I completely agree. That's probably why the Muppets print ads look as they do. They over-saturate the characters, make them look squeaky clean and place them against a minimal or white background in order to make them visually pop like the typical CG fare.
The problem is, that process removes all of their charm. While I kinda like what they did with the 2011 teaser, a lot of auds objected to it. Many cited the Muppet legs as the problem, but we've all seen Muppet legs for years. They ride bikes, they dance and they jump out of airplanes. The problem was that it really looked too clean and void of charm. They're kind of reduced to product like in the Apple ads. Of course, they really need to start fixing Kermit's leg/upper thigh connection in Photoshop - and that's what Photoshop is for. It's not meant to make these guys look dry cleaned. I prefer my Muppets to have a little schmutz on them.
Anyway, that's just the print ads. The broadcast advertisements, product tie-ins and media tour were fantastic. I really like this turn the Muppets took, away from Segel and back to their roots where they belong. The problem is probably what it's always been. Except for the film's media burst, the Muppets aren't around in our daily lives anymore. They really need to return to TV in some of their own well-written specials or heck, give them their own show again. It really is time for that and there are so many options these days. Unfortunately, the movies are the past. Even popular movie stars are taking roles as TV/streaming/cable regulars. Halle Berry. Kevin Spacey, Matthew McConaughey, Billy Bob Thornton and many others. I think the Muppets deserve to join that list of stars.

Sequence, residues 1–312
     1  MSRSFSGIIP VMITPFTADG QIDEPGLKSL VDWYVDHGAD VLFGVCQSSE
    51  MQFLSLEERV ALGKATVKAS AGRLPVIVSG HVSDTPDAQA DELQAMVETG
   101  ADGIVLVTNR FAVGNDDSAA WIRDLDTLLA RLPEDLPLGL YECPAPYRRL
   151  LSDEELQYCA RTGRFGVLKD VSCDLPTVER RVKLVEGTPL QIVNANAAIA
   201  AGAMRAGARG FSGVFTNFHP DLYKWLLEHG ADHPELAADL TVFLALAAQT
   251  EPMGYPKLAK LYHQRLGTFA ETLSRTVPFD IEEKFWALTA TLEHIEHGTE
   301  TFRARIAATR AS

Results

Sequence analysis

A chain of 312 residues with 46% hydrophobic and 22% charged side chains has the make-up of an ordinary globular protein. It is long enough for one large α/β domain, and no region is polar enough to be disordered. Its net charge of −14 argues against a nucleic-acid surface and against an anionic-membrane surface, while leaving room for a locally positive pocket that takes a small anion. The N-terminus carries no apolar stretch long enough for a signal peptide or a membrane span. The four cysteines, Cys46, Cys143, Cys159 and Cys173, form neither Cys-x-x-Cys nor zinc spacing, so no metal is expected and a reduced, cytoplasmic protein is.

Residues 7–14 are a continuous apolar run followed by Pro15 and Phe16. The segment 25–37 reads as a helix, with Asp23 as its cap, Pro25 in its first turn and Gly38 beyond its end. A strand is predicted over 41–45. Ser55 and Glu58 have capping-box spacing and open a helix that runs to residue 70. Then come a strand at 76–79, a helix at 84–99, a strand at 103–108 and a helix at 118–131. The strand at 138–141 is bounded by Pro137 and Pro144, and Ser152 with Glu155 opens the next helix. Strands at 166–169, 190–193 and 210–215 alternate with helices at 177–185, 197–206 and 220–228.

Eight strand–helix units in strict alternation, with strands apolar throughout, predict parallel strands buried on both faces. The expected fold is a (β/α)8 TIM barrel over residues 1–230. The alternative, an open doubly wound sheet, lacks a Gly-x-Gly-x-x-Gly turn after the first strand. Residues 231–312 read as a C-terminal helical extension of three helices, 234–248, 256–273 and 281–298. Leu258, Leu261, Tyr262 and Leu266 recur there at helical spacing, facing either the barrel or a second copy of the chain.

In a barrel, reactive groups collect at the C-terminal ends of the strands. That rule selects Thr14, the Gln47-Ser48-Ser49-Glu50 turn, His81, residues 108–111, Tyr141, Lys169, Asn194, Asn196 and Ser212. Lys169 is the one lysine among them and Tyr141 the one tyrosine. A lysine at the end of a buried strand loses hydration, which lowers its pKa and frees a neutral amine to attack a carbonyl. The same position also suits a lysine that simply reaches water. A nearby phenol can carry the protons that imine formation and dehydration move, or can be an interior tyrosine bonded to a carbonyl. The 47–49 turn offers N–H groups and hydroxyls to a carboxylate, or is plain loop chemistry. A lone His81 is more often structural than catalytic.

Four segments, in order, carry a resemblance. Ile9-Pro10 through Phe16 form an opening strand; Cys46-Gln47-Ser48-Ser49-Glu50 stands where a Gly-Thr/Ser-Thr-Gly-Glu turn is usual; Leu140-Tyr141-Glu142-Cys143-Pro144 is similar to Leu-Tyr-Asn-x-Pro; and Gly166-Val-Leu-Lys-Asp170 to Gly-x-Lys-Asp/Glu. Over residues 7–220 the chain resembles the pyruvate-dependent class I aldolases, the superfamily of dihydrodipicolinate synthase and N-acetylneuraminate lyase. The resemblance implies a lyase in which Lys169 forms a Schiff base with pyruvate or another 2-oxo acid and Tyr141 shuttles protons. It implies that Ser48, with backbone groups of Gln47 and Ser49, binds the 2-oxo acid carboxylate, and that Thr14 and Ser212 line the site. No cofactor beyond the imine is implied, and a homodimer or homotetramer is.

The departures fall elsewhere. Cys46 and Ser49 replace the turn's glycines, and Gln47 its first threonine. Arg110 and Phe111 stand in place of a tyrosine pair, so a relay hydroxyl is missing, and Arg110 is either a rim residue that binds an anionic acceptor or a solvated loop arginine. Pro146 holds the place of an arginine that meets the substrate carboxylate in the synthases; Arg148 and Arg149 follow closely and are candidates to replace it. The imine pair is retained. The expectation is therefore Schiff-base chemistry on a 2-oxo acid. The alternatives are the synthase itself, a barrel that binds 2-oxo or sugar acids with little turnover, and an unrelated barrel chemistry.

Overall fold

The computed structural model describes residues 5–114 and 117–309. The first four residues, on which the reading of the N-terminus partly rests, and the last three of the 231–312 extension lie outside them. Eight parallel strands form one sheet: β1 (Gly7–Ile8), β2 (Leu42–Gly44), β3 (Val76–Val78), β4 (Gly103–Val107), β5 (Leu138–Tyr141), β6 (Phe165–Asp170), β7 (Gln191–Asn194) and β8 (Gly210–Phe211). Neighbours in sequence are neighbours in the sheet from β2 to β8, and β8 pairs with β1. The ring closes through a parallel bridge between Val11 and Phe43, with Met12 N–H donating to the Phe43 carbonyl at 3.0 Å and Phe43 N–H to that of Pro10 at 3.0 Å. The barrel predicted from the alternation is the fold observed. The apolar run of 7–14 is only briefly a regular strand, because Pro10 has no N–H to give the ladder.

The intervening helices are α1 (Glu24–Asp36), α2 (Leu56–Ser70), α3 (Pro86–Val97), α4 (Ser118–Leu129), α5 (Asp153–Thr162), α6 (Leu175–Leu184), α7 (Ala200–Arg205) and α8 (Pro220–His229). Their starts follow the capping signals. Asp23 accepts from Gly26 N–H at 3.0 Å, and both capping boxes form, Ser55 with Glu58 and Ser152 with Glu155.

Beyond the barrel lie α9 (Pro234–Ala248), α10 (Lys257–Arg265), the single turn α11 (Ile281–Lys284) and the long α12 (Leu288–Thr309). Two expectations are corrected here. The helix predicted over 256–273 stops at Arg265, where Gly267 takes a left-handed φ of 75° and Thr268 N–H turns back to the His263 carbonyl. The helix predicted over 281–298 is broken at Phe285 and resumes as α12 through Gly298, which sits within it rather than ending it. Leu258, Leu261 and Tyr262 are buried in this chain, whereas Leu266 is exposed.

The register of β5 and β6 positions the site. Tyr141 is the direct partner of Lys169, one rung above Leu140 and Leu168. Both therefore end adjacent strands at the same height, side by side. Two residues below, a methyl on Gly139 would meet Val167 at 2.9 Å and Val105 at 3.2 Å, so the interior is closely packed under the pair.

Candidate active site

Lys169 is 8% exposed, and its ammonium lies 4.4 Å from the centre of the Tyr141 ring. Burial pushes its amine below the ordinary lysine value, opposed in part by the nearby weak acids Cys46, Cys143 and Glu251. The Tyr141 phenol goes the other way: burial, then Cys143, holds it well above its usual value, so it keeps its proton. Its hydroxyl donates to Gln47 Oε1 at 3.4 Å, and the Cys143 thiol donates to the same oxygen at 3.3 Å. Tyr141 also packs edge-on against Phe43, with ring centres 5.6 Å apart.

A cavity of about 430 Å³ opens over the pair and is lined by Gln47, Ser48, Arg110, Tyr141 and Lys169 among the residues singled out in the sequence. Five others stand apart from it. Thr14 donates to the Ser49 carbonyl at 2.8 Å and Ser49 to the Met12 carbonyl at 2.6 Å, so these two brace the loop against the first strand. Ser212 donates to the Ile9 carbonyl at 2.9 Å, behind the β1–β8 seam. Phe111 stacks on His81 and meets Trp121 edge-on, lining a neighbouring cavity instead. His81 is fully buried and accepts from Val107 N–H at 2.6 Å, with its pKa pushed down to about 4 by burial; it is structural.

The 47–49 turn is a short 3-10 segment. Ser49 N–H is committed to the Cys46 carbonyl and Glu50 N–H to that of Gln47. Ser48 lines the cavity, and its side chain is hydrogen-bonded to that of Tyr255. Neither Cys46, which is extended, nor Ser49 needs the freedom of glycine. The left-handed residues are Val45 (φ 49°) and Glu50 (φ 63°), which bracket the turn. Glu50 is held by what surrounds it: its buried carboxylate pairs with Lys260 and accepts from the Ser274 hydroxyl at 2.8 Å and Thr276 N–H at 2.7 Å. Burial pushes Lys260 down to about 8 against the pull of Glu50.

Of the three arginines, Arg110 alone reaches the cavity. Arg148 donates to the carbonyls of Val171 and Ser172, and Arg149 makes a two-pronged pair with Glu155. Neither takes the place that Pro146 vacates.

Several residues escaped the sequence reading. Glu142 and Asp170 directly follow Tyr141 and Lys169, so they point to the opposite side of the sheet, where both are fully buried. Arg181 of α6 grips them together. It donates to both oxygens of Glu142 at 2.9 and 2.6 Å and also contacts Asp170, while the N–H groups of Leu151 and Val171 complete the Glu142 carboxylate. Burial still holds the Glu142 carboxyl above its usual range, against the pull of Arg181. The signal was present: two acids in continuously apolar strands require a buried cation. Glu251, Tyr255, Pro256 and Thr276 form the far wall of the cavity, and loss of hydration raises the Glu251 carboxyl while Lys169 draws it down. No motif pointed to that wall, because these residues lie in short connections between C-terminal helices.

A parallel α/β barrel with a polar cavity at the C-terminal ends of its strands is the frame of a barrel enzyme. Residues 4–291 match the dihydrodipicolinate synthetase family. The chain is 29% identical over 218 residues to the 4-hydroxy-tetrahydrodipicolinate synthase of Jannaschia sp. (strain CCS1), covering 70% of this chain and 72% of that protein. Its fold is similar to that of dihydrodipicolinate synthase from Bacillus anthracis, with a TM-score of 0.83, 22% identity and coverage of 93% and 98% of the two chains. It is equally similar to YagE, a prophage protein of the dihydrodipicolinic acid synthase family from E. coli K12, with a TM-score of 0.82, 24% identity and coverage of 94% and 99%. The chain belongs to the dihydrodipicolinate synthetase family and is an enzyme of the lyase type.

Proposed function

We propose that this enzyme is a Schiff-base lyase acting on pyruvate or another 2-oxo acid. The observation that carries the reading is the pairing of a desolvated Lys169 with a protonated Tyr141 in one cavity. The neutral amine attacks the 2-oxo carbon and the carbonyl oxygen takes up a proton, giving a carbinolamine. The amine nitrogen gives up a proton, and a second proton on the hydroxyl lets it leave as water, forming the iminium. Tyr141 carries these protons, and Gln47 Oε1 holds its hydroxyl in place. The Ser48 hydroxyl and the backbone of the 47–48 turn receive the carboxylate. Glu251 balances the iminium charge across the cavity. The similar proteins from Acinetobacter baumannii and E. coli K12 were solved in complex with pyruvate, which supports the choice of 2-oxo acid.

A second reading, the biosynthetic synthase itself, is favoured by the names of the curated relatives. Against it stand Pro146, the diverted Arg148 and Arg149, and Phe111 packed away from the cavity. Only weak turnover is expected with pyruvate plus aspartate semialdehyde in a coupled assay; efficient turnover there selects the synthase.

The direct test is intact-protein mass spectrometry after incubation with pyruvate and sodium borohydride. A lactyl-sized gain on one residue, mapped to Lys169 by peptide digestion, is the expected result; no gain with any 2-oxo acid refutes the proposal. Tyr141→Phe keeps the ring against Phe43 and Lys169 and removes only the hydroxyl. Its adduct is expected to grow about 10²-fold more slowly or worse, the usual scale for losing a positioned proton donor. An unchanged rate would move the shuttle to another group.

The main reason the movie didn't make enough money: tickets aren't nearly expensive enough. Simply charge $40-50 per ticket and boom! Insta-success.